Seun Kuti Steps Up

Seun Kuti Steps Up
If one word describes the Kuti family, it’s swagger. Beyond his intense political conviction and powerful dance grooves, Fela Kuti’s onstage strut made him a star. Fela’s youngest son Seun Kuti has swagger; he’s got it onstage and he’s got it on disc. But like his half brother Femi, who hasn’t released a studio album in seven years, Seun Kuti faces the challenge of being himself while satisfying those who want to see the father in the son.

In conversation, as in his music, 26-year-old Seun comes across as young and brash. But, like his relatives, he is also wise. He acknowledges the "chip off the ol’ badass block” spin being put on him and his music. "It’s not like I’m doing this because my publicist in New York is telling me. Maybe it’s the perception of who is interviewing me at that time. To me — I’m a very normal guy,” he says with a laugh. "But everybody I meet says how crazy I am — maybe the world is crazy.”

His debut disc, Many Things, carries on his father’s mission to enact social change through Afrobeat. Seun’s music is for Africans first and foremost, but he’s aware that a worldwide audience might tune out the specifics of his words. "Let me put it like this. I want the world to feel me, but I want my people to understand me,” he says. "When I say my people, I say Africans in general. Afrobeat is more than a genre, it’s a movement created for a purpose and that’s the emancipation of the black man who has to keep fighting through music. [It’s] not a movement motivated by money, [it’s] a movement motivated by music. So anybody that comes across my music is moved by my music, I’m satisfied.” Seun has achieved international success more quickly than his father or half brother, both of whom were fully-formed artists in their 30s by the time they achieved fame. Seun, on the other hand, is faced with developing his sound in front of large audiences. Despite having taken his father’s middle name "Anikulapo,” tattooing "Fela Lives” on his back, and consciously billing the band as "Fela’s Egypt 80,” Seun betrays no inner conflict about his own sensibilities. He says he wants Egypt 80 to keep playing to their strengths, except, "The only change I wanted to make was [to make them realize they were] no longer with my father, so musically I was starting all over again. That was a hard change for them, adapting to life without my father, but apart from that I wanted everything to stay the same because we believe in that music.”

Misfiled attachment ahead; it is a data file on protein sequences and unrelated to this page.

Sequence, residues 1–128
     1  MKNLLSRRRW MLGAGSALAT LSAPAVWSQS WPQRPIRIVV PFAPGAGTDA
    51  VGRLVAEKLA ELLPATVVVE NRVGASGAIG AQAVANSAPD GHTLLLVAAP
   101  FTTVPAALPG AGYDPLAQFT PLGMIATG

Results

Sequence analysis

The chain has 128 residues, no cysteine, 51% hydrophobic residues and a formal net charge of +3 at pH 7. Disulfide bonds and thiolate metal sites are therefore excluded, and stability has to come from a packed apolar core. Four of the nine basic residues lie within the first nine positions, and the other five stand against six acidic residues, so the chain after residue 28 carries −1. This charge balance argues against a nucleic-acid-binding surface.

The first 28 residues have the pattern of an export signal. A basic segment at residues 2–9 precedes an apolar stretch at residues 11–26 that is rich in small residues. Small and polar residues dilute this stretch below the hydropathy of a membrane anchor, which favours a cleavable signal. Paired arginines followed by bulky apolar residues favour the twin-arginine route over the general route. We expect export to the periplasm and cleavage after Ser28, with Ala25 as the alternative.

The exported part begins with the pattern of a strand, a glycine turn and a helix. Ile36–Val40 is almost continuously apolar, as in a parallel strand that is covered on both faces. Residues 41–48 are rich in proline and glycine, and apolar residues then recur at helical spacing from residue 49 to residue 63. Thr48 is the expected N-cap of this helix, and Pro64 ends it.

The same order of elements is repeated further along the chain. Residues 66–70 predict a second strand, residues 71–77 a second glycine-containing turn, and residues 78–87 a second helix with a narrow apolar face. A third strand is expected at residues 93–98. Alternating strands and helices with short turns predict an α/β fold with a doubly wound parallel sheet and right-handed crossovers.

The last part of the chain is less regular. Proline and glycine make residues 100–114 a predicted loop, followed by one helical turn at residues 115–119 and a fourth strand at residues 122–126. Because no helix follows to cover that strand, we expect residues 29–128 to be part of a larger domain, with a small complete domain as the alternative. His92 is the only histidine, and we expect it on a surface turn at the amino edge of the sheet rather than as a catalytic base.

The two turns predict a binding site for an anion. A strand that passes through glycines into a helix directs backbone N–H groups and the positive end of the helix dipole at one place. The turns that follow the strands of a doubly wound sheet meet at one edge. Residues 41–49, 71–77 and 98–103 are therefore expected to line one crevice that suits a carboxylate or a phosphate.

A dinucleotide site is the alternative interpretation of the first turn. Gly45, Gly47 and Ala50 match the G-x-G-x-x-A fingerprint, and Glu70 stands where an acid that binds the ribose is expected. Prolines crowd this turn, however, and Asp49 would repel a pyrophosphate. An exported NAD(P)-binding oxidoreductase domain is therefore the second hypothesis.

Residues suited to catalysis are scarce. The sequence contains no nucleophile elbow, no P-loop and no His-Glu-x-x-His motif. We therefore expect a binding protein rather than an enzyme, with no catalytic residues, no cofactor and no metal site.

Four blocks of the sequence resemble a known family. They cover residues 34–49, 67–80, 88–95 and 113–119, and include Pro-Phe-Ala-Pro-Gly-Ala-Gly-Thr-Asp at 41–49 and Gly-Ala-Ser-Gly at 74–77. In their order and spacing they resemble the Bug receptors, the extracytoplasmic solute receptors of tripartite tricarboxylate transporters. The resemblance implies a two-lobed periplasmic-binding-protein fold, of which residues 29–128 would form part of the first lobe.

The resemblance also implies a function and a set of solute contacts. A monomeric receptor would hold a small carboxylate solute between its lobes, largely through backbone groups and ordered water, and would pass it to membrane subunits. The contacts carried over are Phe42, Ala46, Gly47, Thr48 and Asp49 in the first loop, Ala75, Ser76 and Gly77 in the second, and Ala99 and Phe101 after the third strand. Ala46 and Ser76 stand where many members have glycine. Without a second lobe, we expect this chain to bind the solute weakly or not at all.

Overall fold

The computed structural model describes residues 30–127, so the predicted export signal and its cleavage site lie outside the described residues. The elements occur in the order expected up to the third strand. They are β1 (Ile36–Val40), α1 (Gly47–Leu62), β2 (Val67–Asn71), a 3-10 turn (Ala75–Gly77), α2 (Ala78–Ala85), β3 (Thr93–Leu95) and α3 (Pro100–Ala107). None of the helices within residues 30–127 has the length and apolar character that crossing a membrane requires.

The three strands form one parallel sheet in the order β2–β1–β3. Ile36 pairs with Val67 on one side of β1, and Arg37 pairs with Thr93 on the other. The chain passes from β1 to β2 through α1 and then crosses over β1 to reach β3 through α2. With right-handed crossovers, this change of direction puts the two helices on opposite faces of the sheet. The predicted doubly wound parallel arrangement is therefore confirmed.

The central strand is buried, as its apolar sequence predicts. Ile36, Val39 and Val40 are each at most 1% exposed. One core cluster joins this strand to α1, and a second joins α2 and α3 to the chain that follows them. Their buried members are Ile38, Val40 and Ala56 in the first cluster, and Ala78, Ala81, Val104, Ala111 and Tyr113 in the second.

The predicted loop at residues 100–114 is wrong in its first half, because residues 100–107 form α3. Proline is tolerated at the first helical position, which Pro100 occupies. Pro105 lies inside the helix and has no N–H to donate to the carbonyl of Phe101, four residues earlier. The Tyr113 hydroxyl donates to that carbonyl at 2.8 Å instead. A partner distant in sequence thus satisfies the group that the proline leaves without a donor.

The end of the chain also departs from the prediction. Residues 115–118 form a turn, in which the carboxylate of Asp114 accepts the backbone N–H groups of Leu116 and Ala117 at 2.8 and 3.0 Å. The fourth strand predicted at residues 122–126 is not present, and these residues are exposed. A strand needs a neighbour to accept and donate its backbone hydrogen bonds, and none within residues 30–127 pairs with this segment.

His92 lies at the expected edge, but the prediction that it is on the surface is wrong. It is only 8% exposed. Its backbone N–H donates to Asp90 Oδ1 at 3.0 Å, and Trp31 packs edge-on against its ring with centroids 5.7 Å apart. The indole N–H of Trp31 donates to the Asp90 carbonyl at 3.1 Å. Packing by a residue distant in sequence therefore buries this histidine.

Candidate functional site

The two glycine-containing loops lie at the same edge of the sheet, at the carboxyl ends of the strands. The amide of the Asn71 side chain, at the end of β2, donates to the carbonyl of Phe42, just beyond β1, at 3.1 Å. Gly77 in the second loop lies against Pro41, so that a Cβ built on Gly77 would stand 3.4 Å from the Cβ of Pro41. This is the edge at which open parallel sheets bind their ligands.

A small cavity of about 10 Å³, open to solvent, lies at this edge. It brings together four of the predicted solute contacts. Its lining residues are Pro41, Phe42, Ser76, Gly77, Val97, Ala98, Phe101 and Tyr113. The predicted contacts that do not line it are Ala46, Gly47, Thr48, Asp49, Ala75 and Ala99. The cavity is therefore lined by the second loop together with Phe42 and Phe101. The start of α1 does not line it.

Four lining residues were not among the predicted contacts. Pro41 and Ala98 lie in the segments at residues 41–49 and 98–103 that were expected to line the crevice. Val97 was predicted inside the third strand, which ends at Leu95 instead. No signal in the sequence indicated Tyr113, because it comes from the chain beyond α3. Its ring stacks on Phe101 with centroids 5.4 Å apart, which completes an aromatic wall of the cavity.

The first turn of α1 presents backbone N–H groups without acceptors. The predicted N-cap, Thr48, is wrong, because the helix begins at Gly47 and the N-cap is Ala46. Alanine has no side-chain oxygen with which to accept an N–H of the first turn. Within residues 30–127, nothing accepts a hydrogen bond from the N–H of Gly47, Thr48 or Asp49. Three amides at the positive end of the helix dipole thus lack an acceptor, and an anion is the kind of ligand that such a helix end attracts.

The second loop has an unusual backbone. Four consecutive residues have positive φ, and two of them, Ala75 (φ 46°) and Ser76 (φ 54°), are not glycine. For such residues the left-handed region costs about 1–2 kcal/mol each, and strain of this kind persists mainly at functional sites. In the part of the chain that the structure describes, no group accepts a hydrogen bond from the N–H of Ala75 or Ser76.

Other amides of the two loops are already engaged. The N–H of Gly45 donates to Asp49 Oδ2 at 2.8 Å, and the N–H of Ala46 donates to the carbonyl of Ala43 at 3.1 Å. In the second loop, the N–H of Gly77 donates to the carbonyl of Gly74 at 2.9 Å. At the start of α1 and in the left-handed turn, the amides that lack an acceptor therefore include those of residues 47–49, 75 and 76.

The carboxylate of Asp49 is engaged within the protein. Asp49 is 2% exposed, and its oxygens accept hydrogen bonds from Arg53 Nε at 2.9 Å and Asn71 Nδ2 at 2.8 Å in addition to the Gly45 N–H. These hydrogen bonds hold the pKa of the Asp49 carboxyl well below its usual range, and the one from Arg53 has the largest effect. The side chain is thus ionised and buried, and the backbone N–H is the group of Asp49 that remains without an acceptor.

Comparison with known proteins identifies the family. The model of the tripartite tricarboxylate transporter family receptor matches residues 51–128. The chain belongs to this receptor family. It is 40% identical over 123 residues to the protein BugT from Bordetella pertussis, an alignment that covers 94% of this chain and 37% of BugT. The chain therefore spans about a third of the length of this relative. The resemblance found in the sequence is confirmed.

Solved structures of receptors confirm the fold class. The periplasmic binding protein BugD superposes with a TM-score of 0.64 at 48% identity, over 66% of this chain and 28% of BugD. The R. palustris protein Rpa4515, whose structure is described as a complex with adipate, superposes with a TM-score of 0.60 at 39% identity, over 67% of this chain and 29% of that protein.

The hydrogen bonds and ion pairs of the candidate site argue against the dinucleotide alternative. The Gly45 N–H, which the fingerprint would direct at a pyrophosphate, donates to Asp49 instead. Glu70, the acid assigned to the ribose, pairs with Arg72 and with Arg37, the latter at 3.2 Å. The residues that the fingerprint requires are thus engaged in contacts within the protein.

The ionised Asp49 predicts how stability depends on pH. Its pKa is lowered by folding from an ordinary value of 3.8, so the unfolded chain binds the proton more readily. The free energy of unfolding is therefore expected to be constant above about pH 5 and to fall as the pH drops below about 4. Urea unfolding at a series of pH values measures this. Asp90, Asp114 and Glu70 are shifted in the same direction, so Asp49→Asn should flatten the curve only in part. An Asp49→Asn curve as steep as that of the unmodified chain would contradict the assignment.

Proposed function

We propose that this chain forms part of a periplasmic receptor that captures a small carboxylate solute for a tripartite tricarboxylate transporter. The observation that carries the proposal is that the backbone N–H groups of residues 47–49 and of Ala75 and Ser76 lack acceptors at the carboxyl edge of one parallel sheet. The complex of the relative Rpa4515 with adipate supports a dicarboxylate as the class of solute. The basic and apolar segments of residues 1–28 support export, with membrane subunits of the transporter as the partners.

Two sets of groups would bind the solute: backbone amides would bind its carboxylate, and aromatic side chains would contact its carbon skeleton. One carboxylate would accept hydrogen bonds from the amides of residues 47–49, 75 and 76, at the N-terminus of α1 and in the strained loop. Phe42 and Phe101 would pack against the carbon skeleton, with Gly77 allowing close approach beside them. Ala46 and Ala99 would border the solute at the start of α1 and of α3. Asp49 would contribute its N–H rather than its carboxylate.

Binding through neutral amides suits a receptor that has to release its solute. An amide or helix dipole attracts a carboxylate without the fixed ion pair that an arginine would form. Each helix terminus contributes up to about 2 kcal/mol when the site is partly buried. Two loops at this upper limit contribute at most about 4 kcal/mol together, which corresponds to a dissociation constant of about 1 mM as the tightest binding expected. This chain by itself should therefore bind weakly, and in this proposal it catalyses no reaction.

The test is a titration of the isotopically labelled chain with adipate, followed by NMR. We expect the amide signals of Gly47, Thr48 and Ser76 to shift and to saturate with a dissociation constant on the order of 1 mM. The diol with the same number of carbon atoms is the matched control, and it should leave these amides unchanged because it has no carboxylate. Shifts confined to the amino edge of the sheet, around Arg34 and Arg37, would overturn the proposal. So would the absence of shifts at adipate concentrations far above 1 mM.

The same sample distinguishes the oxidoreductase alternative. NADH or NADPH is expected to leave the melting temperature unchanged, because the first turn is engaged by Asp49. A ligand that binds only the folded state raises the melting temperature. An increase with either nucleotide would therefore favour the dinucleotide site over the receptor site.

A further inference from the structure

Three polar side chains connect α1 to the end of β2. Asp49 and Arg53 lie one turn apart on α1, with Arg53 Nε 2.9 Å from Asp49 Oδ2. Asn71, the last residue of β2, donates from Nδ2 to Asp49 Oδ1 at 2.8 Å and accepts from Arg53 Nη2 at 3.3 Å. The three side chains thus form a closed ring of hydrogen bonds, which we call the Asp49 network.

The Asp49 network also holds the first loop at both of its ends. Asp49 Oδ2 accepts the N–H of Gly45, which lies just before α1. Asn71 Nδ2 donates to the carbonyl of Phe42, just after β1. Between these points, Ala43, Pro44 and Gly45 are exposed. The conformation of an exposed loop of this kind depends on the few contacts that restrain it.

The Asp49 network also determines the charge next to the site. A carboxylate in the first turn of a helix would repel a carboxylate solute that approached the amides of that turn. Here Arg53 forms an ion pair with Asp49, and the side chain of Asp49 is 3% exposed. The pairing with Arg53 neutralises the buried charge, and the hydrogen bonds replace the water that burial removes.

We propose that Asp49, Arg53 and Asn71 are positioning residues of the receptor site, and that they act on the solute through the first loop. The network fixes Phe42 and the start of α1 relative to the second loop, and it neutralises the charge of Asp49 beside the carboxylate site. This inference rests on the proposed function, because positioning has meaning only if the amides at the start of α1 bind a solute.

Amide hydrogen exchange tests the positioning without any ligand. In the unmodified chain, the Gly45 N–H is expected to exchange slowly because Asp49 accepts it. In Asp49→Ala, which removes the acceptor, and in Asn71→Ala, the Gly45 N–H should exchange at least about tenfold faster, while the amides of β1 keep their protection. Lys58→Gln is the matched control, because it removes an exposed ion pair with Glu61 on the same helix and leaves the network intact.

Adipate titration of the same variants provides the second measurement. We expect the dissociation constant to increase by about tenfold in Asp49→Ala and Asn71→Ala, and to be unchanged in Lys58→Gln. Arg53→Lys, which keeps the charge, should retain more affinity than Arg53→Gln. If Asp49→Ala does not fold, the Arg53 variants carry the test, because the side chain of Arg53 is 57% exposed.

The younger Kuti’s music throbs with up-tempo polyrhythms but tends toward more basic, staccato horn parts and an angry bulldog approach to vocalizing. It’s a style best experienced in concert. Like any other independent artist, he knows live performances are vital to his success, far outstripping potential record sales.

"[Success for] some artists [is measured] by winning international awards; some artists, by personal wealth; for others, it’s record sales; some it’s by how good their live performances really are. So I guess I fall in the category of live shows. I see myself as successful if I’m on tour nine months of the year.”

There’s more than meets the eye to that statement. Seun wants to connect with audiences throughout the year, not to be pigeonholed as a festival season artist. If Seun Kuti can tour North American arenas during the winter, he will have achieved with his debut album something considered nearly impossible for African stars of previous generations. Such swagger would make his father proud.